Oakland Raiders Howie Long, Defensive End

The other image in the painting is of Hall of Fame defensive end Howie Long who played in the Super Bowl XVIII with the Los Angeles Raiders in 1984. He was an 8-time Pro Bowler and one-time Defensive Player of the Year in his career.  He recorded 91.5 career sacks and became an NFL sportscaster after retirement.

Sports Art Painting by Sports Artists John Robertson

The painting is three feet by six feet, acrylic on unstretched canvas.

Football Quarterback Vintage

Story of Vintage Football Quarterback

I don’t know much about this vintage football quarterback player that I painted from the past.  I ran across the image and thought it would be fun to paint.  I did some search on Google put could find out anything about him – so I thought I might make up a bit of his history.

Alberte Mortensen – Quarterback

Alberte Mortensen was born in Brooklyn, New York in 1894 to immigrants from Denmark.  The family moved to New Jersey shortly after he was born.  As a baby he had medical complications with his digestive track which led to difficulties in eating anything that was not white.  He only

mage of a vintage football quarterback player throwing a pass wearing old leather football helmet and old football jerseys.

I

ate white bread, white noodles, white rice, drank milk and, of course liked ice cream (vanilla).  Because he was unhealthy and the family lived in poverty the Mortenen’s asked for help from their Norse church which worshipped the old Norse gods of the Viking age – Thor, Odin and Frigg.  The Norse oracle, Völva or “priestess” recommended that they give up Alberte for foster care.

Foster Care

The Mortensen family gave up the four-year-old Alberte to an Irish Catholic family, the Hughes.  The Hughes had immigrated to the United States from Ireland during the potato famine.  Once in his new home he adapted quite nicely to a diet of white potatoes.  His favorite dish was colcannon which became a staple at most of his meals.  It is a mash of potatoes, cabbage or kale and butter or cream, flavored with scallions.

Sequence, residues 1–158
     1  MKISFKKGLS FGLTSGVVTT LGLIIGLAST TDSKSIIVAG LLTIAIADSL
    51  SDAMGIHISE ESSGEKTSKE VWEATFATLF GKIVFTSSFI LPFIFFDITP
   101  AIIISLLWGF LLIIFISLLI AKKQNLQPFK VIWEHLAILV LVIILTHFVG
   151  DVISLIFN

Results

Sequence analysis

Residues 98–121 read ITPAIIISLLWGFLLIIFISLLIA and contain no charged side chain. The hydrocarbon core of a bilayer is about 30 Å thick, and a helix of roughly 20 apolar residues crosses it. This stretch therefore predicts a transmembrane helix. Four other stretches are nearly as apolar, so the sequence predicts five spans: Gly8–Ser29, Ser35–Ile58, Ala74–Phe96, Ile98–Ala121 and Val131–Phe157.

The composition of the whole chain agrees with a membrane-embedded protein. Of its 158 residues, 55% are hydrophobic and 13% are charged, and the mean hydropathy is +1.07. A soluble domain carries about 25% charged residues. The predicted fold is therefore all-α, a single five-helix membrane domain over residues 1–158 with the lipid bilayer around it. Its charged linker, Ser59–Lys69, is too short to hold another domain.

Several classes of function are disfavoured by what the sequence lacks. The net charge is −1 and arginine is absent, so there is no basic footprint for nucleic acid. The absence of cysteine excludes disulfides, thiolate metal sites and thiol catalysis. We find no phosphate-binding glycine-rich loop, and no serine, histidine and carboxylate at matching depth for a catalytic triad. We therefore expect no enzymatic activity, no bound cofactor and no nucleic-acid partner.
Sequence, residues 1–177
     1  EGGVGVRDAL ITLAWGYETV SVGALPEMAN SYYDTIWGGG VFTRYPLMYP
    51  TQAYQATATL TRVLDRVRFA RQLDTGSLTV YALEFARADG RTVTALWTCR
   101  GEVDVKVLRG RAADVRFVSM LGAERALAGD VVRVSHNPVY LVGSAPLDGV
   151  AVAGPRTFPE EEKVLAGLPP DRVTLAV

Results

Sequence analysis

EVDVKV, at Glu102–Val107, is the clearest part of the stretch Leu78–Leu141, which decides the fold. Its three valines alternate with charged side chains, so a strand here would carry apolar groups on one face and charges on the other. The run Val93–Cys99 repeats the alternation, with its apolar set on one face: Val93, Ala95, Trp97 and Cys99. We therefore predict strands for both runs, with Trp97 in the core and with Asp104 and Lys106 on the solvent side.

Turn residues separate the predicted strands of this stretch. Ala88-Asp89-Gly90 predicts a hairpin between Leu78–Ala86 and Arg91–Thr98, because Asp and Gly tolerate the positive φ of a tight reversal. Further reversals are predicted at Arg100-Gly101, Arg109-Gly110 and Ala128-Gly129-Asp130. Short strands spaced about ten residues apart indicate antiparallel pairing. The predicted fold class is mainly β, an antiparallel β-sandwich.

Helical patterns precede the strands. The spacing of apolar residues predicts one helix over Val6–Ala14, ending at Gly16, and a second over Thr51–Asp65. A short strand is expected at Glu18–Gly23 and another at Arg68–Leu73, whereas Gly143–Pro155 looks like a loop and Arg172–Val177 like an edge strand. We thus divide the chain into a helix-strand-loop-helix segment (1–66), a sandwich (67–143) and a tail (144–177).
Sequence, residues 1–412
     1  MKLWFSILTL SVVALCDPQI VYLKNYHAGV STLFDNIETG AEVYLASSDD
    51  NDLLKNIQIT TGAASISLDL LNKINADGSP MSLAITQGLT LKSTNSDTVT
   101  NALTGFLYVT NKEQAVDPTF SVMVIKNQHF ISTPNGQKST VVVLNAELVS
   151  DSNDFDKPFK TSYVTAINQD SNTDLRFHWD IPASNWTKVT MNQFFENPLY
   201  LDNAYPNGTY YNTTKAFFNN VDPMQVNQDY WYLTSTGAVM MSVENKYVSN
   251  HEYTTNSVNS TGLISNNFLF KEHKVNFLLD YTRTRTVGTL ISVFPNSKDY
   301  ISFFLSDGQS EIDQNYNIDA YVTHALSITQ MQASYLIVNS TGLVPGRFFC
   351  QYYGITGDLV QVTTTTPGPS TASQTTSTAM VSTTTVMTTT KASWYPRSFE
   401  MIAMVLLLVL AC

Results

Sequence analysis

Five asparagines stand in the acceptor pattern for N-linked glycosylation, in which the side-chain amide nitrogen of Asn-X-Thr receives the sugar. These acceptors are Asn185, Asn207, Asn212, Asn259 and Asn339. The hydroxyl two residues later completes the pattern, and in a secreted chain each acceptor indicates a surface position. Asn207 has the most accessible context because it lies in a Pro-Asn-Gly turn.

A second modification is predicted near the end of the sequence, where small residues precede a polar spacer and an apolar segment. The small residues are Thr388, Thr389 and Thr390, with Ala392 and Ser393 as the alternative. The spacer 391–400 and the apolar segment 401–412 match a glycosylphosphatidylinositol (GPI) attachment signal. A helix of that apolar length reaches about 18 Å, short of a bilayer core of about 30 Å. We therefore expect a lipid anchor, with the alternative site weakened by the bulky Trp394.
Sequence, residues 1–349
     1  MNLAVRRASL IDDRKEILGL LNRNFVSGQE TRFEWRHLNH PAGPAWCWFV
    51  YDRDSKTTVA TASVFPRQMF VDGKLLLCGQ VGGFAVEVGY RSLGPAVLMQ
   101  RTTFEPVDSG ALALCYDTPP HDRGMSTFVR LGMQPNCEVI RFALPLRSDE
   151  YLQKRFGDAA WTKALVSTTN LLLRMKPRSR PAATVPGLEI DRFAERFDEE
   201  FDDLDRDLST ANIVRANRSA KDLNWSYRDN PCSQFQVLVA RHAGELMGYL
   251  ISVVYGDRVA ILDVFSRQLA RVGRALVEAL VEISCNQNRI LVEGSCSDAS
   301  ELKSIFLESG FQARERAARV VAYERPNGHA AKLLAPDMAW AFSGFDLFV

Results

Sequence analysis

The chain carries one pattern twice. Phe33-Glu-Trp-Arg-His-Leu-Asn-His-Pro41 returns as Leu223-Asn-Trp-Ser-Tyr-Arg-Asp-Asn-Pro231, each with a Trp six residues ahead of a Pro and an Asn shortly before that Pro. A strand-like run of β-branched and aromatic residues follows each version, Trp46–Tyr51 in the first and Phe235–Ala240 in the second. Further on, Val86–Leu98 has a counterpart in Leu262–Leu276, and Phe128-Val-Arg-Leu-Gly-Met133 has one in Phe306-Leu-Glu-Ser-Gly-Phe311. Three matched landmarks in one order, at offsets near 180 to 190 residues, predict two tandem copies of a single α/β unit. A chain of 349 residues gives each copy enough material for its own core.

Plays Football

Alberte grew heartily on the diet, eventually played on his high school football team, and because of his athletic ability was recruited to play with the a local football “club”.  Even though he was only sixteen his skills as a football quarterback made him locally famous.  He played for a  “pay Image of vintage quarterback football playing player throwing a pass wearing old leather football helmet and old football jersey.for play” football team which generated a small income for the Hughes family.  Because of his success his biological parents, the Mortensens wanted him back.

The Hughes gave a negative response.  As there is no actual word for “no” in Irish Gaelic, they actually said, “Ní hea,” which literally means, “It is not.”  The Hughes won in a short court battle and Alberte went on to play college football.  He disguised himself as an Indian  and went to Carlisle Indian Industrial School where he played football quarterback with Jim Thorpe, the great all-american.

Alberte, was now known as, Abukcheech, which means mouse.  Hid first season as quarterback at the Indian school he dedicated to his foster Irish mother, Chloe  Hughes.  When Alberte turned twenty-one he requested Irish citizenship to play soccer in Ireland.  At twenty-two he left for Ireland   Upon boarding the boat back to his adopted homeland he said, “I am Irish, I feel Irish, I will play forever in Ireland.”

THE END

Sports Artists John Robertson Vintage Football painting is 4 feet by 7 1/2 feet, acrylic on unstretched canvas.

Painting Surfing Art Artists John Robertson

Surfing

As I live only a couple of blocks from the beach and my studio is even closer, it is only natural I would paint a surfer.  This surfer is standing on the rocks at Ventura, California Surfer’s Point.  This surfing break is only a few hundred yards up the beach from the Ventura Pier and the “C” Ventura California surfer stsnding on the beach holding his surfboard under his arm  facing the waves painting life size art with artists John RobertsonStreet break.  “C” Street is more of an inside break as apposed to the “Point” break.

When did it all start